Tuesday, May 31, 2005

if you can't fight em, join em

Ruby Payne writes about people from generational poverty placing great emphasis on relationships and interaction. While I'm a little scared to read sweeping advice about a group of people ("the poor", "blacks", "hispanics", "country folk"), I think she makes a good point. Lots of my kids respect the teacher and their relationship with that teacher more than the abstract rules of the classroom. Many of my kids are verbal learners (aka they don't read) and thus our discussions might get lively.

This year I taught one young darling who exemplified what I see as high maintenance interaction in the classroom. Derek responded to everything I said with either an "Amen", "You know it", or "Cuz we pimps like that." And, if I attempted to stifle his expressions, all hell broke loose. This kid had an amazing ability to get your words mixed up and would get very defensive about it. I might say, "Napoleon was a short man," and Derek could respond, "How short? Like short short? Short short short? I mean, was the nigga like 3 feet?" "No," I'd say, "About five." "Well, I'm five feet and I ain't short. I thought you said he was short! Man, you lyin. You lyin to me." I kid you not. Derek is a very sweet kid but he's so low that he gets removed from classes for behavior problems because he can't. shut. the. fuck. up. I know what you are thinking and let me assure that I, and the Special Education staff, tried many interventions.

So, whether or not I deserve the teaching award of the year, this is what I did: I put Derek right in front with me. The very front. While discussing and/or lecturing I incorporated Derek's side comments. If he really started going on about something I'd stop, let him say his piece, join in if I have to, and move on. When Derek would get too defensive or out of control, I might place my hand on the desk and ask him very quietly to calm down. He usually responded, because he felt respected and a part of the classroom.

A typical discussion might go like this:

MH "So, John Locke was an Enlightenment philosopher who wanted what kind of rights? Anyone remember?"
Random student: "Natural rights!"
MH: "Excellent. Natural rights. What does he mean by natural rights? What is a natural right?"
Derek: "Just what it says. A right that is natural, yo! Come on man, we know this stuff!"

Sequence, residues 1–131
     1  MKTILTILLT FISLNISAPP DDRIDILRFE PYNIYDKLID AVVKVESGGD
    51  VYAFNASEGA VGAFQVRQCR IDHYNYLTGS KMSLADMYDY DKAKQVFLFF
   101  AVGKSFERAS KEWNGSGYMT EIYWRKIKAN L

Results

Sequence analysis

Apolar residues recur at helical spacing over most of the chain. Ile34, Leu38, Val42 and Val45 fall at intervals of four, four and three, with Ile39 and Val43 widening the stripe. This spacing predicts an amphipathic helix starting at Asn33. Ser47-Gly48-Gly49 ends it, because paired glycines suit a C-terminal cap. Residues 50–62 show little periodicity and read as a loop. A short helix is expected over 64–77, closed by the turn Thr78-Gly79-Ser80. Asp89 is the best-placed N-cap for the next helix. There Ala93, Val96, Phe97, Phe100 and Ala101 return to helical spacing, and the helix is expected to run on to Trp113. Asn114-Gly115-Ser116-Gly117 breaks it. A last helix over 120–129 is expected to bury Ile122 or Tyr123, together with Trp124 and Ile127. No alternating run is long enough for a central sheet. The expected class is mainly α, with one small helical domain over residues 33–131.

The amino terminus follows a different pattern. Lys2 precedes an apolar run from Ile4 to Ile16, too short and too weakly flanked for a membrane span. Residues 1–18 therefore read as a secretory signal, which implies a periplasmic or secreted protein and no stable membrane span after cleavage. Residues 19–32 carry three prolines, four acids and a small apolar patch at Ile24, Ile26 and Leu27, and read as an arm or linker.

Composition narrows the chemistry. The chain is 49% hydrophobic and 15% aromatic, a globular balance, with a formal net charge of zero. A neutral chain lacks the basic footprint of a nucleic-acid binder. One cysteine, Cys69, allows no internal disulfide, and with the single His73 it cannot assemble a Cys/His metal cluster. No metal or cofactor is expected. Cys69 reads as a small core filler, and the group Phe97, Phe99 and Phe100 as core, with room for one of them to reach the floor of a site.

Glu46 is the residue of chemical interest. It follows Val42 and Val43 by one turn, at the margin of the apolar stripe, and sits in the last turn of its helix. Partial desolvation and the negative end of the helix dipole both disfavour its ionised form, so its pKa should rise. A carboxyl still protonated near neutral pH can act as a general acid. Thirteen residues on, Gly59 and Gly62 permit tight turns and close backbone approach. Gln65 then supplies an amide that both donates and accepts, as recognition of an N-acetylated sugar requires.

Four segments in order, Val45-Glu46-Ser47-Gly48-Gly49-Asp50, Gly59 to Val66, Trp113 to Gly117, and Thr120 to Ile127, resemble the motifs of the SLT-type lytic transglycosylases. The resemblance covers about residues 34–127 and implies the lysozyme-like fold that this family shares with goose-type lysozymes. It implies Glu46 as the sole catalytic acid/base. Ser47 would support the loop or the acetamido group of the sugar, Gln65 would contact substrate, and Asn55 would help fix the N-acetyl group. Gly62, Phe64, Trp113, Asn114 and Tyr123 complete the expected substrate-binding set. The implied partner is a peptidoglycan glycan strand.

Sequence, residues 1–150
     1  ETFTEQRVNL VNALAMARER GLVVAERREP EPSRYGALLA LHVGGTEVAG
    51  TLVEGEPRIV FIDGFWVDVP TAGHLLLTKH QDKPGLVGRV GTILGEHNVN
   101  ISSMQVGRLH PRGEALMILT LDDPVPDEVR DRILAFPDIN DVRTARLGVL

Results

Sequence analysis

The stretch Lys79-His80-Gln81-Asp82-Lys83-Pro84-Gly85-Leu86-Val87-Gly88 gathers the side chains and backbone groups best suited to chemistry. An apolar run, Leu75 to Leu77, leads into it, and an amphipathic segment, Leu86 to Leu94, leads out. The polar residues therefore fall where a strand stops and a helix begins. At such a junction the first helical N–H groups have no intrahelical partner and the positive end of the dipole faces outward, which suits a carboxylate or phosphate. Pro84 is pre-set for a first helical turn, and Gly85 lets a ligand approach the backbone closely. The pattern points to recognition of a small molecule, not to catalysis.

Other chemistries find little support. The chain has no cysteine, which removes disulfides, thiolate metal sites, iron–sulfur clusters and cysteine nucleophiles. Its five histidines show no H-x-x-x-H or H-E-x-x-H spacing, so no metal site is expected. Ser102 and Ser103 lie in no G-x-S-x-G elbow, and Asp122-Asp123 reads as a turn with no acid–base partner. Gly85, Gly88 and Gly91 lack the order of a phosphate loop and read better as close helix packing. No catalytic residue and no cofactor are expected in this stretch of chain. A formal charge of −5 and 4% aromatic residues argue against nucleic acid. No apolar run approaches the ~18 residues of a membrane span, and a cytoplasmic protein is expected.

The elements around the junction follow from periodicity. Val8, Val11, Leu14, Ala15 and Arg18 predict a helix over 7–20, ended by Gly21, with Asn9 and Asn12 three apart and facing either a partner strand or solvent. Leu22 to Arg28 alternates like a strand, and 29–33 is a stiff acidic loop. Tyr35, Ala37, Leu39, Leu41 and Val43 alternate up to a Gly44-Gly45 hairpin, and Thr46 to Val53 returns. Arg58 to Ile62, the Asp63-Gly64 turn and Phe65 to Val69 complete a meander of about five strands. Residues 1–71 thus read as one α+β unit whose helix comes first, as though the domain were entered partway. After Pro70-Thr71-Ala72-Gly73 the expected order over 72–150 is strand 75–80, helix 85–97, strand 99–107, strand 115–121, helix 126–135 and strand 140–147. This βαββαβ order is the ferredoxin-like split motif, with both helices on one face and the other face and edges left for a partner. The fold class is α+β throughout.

MH: "Okay, okay. A right that is natural. What do you mean by natural? What does Derek mean? Or is he just spouting out wisdom up here that you guys can't handle?"
Derek: "That's right yo! I'm smart."
Student: "A natural right is something you get because you are a human being. You deserve it because you are just, like, here."
Derek: "That's what I said! I just said that!"
MH: "Thank you Cindy. And thank you Derek."
MH: "So, what were these natural rights?"Silence.
MH: "Was it the right to chocolate, Game cube, or Starbucks coffee? Think back to what we've been reading about."
Derek: "Yo, we don't know. You gots to tell us. We jus don't know up in here."
MH: "Okay, okay. Anybody? Do you need some help?"
Derek: "Yes, yes. We need help, yo. On the real. Like oxygen and shit."
MH: "Alright. The first one is life. We have the right to life. To live. To be here. Ring any bells?"
Derek: "Nope, no bells. We don't know this Ms, I told you that."
Random Student: "Ms, is it liberty?"
MH: "Excellent! Liberty! And what else?"
Derek: "Aww, she knows it. She's got it! Ask her!" (He's smiling and very excited by now. It's difficult not to laugh because his smile is infectious.)
Student: "Pursuit of Happiness?"
MH: "Aha! You got caught by the old trap! That's Jefferson, my dear. He stole the idea from Locke! We'll talk about that in just a second."
Random Student: "Property?"
MH: Beautiful!
Derek: "Man, that kid is smart. How the hell he know that? So it's life, property, pursuit.."
MH: "Okay, Derek is on a roll. He said that Locke's three natural rights are life, property, and what else?"
Student: "Liberty."
MH: "Great!"

After a while Derek just rolled along with it and I honestly think the kids appreciated that he was incorporated into the classroom--meaning they didn't have to witness tantrums. The kid really is a sweetheart. It's pretty comical when I think back on it.

That's memory number 1 from this year, or rather, Skill #1: Rolling With the Punches. Sometimes I wonder if I should have handled the situation more traditionally. Then again, the above method worked and Derek passed the class because of his active learning. I don't know. I have years to think about it but right now I'm going to bed.


Blogger Megan said...

Well, quite frankly, I thought that was pretty brilliant of you. I couldn't have handled the situation any better (though I could have handled it worse!). I have a whole new respect for you secondary teachers since I couldn't hack it more than a year. You go girl! (Wait, do the kids say that anymore, or is that about 10 years too late?)

8:54 PM  
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